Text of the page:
The σ-1 receptor, a type of chaperone protein, has attracted increasing attention recently due to its multiple cellular functions.11,12 It is mainly located in the cholesterol-rich region of the endoplasmic reticulum (ER) and mitochondria-associated membranes and is highly expressed in brain regions involved in emotion and neuropsychiatric disorders,13 especially in astrocytes.14 One functional change in reactive astrocytes observed in animal models of mental disease involves the biosynthesis of glutamate (Glu) and GABA, followed by the extracellular release of these neurotransmitters, which can mediate neuronal excitation or inhibition.15,16 It is already known that many currently available antidepressants bind to σ-1 receptors; therefore, their pharmacological effects may depend partially on these receptors.17 In addition, some endogenous neurosteroids, such as progesterone, dehydroepiandrosterone, etc., are reported to be endogenous ligands or positive allosteric regulators for σ-1 receptors,18and are also involved in regulating anxiety and depression in PPD.2,19,20 Therefore, this suggests that the σ-1 receptor may also be involved in PPD molecular mechanisms, although this is rarely reported in the literature.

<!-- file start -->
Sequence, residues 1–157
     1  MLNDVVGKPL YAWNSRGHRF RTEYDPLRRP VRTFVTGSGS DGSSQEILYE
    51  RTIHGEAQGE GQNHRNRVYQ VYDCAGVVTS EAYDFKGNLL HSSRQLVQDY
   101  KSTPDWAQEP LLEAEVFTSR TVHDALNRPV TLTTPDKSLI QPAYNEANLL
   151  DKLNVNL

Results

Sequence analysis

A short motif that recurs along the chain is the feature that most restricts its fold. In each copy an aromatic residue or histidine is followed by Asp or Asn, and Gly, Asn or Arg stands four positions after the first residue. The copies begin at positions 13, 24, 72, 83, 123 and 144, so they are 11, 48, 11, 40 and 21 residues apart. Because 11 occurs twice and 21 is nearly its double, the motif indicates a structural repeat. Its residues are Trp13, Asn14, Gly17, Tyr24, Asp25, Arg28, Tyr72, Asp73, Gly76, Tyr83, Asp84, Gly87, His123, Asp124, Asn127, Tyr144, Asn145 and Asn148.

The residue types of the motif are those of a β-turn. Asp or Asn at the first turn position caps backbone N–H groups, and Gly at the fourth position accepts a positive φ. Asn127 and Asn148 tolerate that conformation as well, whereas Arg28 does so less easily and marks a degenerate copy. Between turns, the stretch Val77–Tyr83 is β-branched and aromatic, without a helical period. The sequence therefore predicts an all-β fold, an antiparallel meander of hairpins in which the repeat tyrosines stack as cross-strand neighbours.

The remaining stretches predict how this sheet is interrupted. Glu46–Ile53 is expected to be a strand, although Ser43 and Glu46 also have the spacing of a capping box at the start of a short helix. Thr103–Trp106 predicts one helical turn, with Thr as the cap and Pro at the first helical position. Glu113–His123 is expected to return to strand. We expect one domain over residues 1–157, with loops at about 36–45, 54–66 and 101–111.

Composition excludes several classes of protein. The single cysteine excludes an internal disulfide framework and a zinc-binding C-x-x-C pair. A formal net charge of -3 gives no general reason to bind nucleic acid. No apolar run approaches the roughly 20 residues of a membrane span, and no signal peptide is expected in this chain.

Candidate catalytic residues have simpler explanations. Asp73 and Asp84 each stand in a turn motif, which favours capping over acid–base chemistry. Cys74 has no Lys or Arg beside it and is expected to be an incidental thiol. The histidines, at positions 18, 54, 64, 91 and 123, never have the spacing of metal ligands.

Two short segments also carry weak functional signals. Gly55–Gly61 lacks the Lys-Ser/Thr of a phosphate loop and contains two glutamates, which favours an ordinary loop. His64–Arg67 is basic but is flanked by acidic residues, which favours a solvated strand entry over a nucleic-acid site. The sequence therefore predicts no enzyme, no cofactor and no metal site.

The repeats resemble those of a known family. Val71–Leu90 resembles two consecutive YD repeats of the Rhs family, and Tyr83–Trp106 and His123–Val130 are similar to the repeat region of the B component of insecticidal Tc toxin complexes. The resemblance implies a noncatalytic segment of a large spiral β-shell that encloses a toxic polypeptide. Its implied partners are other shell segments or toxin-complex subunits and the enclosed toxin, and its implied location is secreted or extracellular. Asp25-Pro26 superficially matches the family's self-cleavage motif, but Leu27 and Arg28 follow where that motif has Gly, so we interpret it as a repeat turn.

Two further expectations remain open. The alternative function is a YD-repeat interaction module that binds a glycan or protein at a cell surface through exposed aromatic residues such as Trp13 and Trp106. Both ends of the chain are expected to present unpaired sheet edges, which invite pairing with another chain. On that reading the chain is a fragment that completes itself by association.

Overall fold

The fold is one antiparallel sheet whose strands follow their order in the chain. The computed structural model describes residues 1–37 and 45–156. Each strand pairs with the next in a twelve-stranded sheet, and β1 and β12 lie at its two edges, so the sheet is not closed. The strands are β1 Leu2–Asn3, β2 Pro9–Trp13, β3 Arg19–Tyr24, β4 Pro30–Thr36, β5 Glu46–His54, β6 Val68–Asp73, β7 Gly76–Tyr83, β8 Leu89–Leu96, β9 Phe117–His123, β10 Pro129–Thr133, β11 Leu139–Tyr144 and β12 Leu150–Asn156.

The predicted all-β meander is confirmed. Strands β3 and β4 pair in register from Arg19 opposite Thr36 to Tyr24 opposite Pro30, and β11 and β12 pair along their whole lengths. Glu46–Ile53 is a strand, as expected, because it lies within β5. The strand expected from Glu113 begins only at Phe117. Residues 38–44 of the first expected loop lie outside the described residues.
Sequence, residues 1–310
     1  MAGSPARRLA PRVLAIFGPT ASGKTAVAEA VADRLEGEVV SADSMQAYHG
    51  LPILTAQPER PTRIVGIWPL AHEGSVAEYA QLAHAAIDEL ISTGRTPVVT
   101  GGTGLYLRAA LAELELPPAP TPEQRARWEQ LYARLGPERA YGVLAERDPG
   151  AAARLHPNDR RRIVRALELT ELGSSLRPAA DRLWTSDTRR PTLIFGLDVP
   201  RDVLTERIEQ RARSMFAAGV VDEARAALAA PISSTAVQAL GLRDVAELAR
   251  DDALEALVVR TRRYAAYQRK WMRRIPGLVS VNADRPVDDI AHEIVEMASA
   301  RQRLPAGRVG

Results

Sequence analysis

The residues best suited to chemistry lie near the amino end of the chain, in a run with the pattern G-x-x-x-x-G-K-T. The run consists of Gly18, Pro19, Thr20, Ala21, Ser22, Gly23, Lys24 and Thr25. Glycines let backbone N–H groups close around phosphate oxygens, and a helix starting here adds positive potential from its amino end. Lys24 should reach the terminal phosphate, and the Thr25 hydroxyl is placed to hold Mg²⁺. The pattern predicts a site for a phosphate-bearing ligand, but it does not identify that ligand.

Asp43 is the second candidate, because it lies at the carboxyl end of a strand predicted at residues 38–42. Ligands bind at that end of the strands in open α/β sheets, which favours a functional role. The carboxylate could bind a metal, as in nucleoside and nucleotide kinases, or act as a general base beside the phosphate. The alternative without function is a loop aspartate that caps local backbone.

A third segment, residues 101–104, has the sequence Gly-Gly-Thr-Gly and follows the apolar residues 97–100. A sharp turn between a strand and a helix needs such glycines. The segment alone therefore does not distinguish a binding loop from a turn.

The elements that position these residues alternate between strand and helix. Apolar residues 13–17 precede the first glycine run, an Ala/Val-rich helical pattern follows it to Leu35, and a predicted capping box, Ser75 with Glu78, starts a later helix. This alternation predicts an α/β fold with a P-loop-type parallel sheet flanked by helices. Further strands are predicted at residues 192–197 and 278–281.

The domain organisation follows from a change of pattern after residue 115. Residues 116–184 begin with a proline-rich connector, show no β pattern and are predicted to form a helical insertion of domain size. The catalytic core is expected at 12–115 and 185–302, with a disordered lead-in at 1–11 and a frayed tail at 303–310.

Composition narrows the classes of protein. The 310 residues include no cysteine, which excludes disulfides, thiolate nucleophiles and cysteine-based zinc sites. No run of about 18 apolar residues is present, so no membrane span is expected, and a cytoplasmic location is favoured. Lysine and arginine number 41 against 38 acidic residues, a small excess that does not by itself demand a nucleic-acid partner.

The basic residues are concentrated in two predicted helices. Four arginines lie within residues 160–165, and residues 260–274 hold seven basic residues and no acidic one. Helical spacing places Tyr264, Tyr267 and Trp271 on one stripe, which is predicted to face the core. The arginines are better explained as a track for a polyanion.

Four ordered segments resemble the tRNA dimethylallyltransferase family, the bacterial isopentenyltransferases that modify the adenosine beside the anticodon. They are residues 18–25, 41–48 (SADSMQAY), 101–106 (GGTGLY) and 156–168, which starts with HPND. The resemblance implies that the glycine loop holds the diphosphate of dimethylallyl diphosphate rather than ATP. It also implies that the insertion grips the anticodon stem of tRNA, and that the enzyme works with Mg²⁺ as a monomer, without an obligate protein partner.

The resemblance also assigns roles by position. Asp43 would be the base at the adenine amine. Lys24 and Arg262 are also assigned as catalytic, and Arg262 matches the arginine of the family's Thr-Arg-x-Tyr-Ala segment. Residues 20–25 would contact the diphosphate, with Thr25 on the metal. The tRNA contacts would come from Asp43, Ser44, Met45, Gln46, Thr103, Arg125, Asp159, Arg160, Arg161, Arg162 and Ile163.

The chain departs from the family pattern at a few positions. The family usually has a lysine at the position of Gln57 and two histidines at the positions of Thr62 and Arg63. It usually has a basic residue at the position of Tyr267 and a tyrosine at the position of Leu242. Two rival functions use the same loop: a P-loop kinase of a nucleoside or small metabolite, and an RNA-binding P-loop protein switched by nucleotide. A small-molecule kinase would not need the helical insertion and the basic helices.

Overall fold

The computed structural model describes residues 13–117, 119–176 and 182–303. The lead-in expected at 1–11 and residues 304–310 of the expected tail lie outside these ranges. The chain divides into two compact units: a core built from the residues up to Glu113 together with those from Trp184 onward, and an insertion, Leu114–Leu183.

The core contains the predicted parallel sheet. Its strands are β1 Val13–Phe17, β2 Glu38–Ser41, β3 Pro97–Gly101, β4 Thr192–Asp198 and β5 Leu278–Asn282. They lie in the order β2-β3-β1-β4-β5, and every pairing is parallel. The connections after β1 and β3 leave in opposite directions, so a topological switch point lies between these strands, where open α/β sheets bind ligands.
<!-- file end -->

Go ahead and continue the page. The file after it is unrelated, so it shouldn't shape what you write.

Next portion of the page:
YL-0919 [(1-(1-benzyl-4-hydroxypiperidin-4-ylmethyl)-2(1H)-pyridinone hydrochloride], is a novel compound developed in our institute, which can rapidly and effectively alleviate anxiety- and depressive-like behaviors in a variety of animal models,21,22,23 and is currently being identified as a selective σ-1 receptor agonist.12Evidence from clinical and biological studies suggests that the hippocampus is highly sensitive to stress and its dysfunction plays an important role in the development of depression.24,25 In short, this study aimed to evaluate the pharmacological effects of YL-0919 on PPD-like mice and further clarification of σ-1 receptor as one of the crucial pharmacological targets of YL-0919 fast-acting antidepressants. An additional aim was to study the possible mechanism of action involving the σ-1 receptor in the PPD-like mouse hippocampus, providing a fundament for the development of novel antidepressants targeting on σ-1 receptor.


3. Results

3.1. YL-0919-mediated relief of anxiety- and depressive-like behaviors in PPD-like mice